Saturday, January 2, 2010

Go See "The Princess And The Frog"!


The above illustration adorns this year's Christmas card from my friend, Disney animator, Nik Ranieri. Nik was the principal animator on the pictured character, Charlotte, the delightful status-seeker and childhood friend of Tiana, the heroine in Disney's new animated feature, The Princess and the Frog. I got a big kick out of Nik's illustration on his card - I can almost hear Charlotte singing Eartha Kitt's big song hit, Santa Baby, as she goes over her long list of Christmas gift requirements!

I have seen The Princess and the Frog and, though it may be a flawed film in some ways, I want to state for the record that I enjoyed the film very much. My criticisms are mostly in line with Mike Barrier's insightful and fairminded review, although I do disagree on a couple of points. I also have some minor quibbles about the visual aesthetic, but that's a very personal view. However, because of the fact that this is Disney's long-awaited return (after 6 years) to the art form it is best known for, and allowing for the fact that they have prudently opted to play it safe in order to test the waters before venturing into riskier territory, I am willing to cut them a lot of slack on this film. Though not perfect, the film still serves up a lot of solid entertainment with fun characters, fully expressive animation, and a winning music score. (Actually, on that last point I was leery, not having been an enthusiast of Randy Newman's music in general in the past, but the rascal exceeded my expectations on this one.)

However, I would be remiss in not admitting that this film is in trouble. Tragically, The Princess and the Frog is a victim of its having been released at a particularly vulnerable time, up against such worthy competition as Avatar, as well as such unworthy competition as that Chipmunks pic! I find it hard to fathom why kids and their parents would choose that latter film in such huge numbers, but I'll admit I'm very much out of step with today's popular tastes.

Over at The Laughing Place, Rhett Wickham has written a heartfelt plea to encourage moviegoers to go see Disney's revival of traditional animation because, if the box-office numbers aren't there, it's a very real possibility that the studio heads at Disney may conclude that there's no longer the audience for this medium in films. Rhett offers up a good argument as to why you should go see this film soon if you haven't already. I'm personally planning to see it once or twice more before it ends its theatrical run. My hat's off to all of the talented animation staff at Disney Feature Animation. They've been battling against the odds to create an entertaining film, and I think their efforts are worth supporting by casting your vote where it counts: at the box-office of your local theatre. Thanks in advance!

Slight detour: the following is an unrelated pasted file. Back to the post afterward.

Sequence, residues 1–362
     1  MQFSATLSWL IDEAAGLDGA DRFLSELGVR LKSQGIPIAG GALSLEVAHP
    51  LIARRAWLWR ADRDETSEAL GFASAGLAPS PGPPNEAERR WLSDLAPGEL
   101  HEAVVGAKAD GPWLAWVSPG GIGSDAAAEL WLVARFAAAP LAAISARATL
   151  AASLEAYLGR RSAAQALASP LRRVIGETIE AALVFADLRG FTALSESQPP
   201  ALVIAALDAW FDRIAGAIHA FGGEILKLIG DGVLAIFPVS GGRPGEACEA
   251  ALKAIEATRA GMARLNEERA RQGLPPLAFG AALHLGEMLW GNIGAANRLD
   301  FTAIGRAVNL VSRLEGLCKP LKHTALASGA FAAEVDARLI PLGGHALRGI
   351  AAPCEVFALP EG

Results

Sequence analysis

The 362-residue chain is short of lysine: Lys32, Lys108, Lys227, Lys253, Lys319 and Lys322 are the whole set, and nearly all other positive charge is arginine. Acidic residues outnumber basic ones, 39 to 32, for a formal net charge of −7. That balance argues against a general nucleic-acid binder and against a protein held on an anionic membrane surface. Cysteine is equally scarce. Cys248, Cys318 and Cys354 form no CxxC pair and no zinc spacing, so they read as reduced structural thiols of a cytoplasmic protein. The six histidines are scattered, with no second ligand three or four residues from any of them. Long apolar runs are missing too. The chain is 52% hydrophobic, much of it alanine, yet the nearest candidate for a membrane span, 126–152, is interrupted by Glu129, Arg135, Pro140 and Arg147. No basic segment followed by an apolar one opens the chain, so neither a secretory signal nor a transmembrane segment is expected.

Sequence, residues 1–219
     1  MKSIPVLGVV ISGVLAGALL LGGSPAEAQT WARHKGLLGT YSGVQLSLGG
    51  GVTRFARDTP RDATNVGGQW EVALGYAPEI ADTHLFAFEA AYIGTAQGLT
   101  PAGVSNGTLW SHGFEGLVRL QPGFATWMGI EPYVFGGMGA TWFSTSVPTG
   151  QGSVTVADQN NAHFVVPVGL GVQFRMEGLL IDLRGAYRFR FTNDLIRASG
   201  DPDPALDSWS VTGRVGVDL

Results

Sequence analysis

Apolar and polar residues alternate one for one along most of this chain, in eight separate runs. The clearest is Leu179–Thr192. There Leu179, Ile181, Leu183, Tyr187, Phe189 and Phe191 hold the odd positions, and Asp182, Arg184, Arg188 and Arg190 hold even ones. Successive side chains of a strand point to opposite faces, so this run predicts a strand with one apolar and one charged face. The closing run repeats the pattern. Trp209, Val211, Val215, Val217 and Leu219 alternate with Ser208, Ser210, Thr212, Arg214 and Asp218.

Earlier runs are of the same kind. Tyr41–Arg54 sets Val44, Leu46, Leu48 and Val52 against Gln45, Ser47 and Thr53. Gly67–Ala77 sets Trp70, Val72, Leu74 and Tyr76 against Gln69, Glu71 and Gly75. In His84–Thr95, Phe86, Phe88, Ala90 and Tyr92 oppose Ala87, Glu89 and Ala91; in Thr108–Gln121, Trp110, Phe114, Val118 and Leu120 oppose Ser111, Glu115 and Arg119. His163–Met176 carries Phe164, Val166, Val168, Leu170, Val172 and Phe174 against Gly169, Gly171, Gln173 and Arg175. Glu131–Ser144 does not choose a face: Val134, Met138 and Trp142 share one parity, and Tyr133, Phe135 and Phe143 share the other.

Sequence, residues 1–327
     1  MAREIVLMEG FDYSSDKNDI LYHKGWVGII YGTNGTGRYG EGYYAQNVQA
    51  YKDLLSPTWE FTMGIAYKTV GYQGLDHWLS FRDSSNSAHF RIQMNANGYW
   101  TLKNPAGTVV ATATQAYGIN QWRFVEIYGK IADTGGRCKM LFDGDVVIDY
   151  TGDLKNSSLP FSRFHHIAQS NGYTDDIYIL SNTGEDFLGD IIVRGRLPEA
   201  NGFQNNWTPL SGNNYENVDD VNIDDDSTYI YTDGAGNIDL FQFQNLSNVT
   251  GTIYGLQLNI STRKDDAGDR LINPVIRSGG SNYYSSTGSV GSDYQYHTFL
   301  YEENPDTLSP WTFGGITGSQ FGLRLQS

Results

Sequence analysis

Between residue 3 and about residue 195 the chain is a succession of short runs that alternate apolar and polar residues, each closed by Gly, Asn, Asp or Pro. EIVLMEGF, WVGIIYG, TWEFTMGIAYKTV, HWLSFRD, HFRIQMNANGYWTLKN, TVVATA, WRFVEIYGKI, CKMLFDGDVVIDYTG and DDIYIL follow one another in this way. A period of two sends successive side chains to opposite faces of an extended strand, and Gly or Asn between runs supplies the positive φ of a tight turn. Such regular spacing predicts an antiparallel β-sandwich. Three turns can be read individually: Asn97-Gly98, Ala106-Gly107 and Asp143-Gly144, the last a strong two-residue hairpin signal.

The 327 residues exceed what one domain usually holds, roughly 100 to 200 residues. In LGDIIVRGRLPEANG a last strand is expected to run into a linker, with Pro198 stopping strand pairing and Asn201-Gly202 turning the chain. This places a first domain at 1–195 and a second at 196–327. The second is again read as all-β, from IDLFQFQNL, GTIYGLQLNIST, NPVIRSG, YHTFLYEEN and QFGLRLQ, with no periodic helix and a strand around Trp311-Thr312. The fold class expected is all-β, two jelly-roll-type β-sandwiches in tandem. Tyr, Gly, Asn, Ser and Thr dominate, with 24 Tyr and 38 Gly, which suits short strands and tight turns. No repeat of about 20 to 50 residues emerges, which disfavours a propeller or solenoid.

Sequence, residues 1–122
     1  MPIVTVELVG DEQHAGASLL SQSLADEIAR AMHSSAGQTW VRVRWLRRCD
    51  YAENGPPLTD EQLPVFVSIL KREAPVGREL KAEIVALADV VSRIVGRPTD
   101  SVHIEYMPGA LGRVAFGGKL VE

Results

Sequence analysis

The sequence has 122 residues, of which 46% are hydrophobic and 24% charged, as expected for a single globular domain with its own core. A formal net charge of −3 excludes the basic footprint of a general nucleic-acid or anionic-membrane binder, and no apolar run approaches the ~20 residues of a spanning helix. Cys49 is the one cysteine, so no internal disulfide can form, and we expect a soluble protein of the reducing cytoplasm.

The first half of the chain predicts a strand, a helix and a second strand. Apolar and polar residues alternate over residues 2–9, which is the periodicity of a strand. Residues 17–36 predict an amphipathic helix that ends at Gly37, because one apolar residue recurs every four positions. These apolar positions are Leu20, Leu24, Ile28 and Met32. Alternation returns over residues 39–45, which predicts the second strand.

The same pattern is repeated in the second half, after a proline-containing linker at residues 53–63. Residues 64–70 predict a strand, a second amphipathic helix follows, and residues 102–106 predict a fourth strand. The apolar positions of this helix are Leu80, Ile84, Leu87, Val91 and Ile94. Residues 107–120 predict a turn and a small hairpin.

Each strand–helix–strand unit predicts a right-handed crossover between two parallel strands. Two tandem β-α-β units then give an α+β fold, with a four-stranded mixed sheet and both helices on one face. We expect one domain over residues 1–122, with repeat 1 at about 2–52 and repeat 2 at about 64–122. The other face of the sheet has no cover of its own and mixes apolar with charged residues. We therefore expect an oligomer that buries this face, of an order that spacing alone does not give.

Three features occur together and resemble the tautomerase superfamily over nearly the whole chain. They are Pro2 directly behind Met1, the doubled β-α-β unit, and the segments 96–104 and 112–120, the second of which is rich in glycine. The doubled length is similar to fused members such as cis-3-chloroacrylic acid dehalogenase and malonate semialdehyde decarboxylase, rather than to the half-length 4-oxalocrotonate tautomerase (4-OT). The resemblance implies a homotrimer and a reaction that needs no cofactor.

13 comments:

Omar said...

Ahahaha I loved the film, despite some story issues. Just the fact that it was Disney's return to traditional animation made me grin throughout.

And Nik Ranieri Topped himself again to me, Charlotte was amazing.
And that card made me laugh and want to see the film again!

Amanda said...

Really awesome card! :D

Michael Barrier's review was pretty interesting, and I liked what he said about having human Naveen revealed at the end, I definitely think it would have had a stronger impact and would have been more meaningful to Tiana.

I'm glad you generally liked it, I need to take my parents to see it still, things just keep coming up! Grr!

Brubaker said...

Film has its problems, but I was marveled by the animation. Michael Barrier made some good points that I agree with.

You wrote about Avatar being a "worthy competition". Okay, I'm REALLY curious about what you think of the film. (Personally, the visuals and the 3D effects was the only good thing about it; the story left a LOT to be desired)

Pete Emslie said...

Hi Amanda,

Actually, that's one of the key points where I disagree with Mike. I think Disney was right to first establish Naveen as a human before his transformation. However, I think the mistake was in not really showing his personality clearly until he became the far more interesting frog. Naveen should have been portrayed more as the rakish type right from the beginning, both in his mannerisms and in his visual design.